The Local’s eight best Swedish words of the week

The Local regularly asks people in Sweden to name their favourite Swedish word and explain why they love it so much, and the results are often surprising. Here are eight of our favourites so far, ranging from something sneaky, to outer space.

The Local's eight best Swedish words of the week
The Swedish word for the Milky Way is among our favourite words of the week. Photo: Nils Ribi/AP

1. Hidden fruit

Our first ever word of the week was a unique one. It's a long-standing Swedish phrase for a hidden spot of particular value.

2. A southern special

One of the words brought to our attention may be difficult difficult for even Swedes to crack, depending on where they're from. In Skåne, people use this word to express irritation among other things, we're reliably informed.

3. Princely sausages

There is perhaps nothing less regal than a sausage – ground up meat enclosed in innards – but apparently Sweden didn’t get that memo. The prince of sausages is a classic at Christmas and other holidays in the Scandinavian nation.

4. The best time of year

This suggestion evokes the magic of the Swedish midsummer, when in theory it's sunny, everyone stays up all night under a clear sky, and the warm season is in the air. In practice, it doesn’t always work out that way.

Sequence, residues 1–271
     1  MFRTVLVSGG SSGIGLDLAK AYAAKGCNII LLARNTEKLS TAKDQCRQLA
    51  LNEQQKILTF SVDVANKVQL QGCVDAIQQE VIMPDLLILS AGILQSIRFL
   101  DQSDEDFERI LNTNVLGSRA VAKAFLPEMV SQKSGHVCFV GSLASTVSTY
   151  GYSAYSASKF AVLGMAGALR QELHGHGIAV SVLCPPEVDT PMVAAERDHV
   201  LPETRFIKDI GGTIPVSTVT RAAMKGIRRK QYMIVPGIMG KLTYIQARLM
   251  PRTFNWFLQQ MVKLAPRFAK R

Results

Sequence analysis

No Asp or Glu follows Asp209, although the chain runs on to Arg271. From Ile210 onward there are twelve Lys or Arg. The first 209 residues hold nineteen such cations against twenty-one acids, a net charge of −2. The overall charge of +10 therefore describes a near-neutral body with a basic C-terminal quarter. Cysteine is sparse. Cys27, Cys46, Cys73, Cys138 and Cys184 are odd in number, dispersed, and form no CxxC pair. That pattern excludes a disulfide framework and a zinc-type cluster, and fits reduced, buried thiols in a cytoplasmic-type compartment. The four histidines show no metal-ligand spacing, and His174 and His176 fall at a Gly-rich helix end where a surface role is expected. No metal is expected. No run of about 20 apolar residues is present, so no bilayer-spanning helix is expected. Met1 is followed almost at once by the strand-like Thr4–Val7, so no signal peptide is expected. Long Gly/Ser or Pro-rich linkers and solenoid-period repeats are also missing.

READ ALSO: Ten things to hate about Midsummer in Sweden

5. The real best time of the year

Short and sweet. Whether it’s skollov, höstlov, påsklov or even sportlov, everyone loves some time off. The Swedes have reduced those wonderful moments to an incredibly efficient three letters.

6. Sweden's supercalifragilisticexpialidocious?

At the other end of the spectrum is this 26 letter beast (we counted), which Svenska Dagbladet readers once voted as one of the most beautiful words in the Swedish language. Agree with that or not, it's definitely unique.

7. A winter street to the stars

One person's milky is another person’s winter scene – or at least, the latter is what the Swedes think our Solar System resembles. The Swedish name has its origins in Norse mythology, and locals once thought that studying the “winter street” could help predict when the coldest season would arrive.

8. Something rotten in the state of Sweden

Last, but certainly not least, is a handy Swedish term when it comes to identifying the kind of person who knows how to instantly change the atmosphere in a room. You know who you are, smygfjärtare.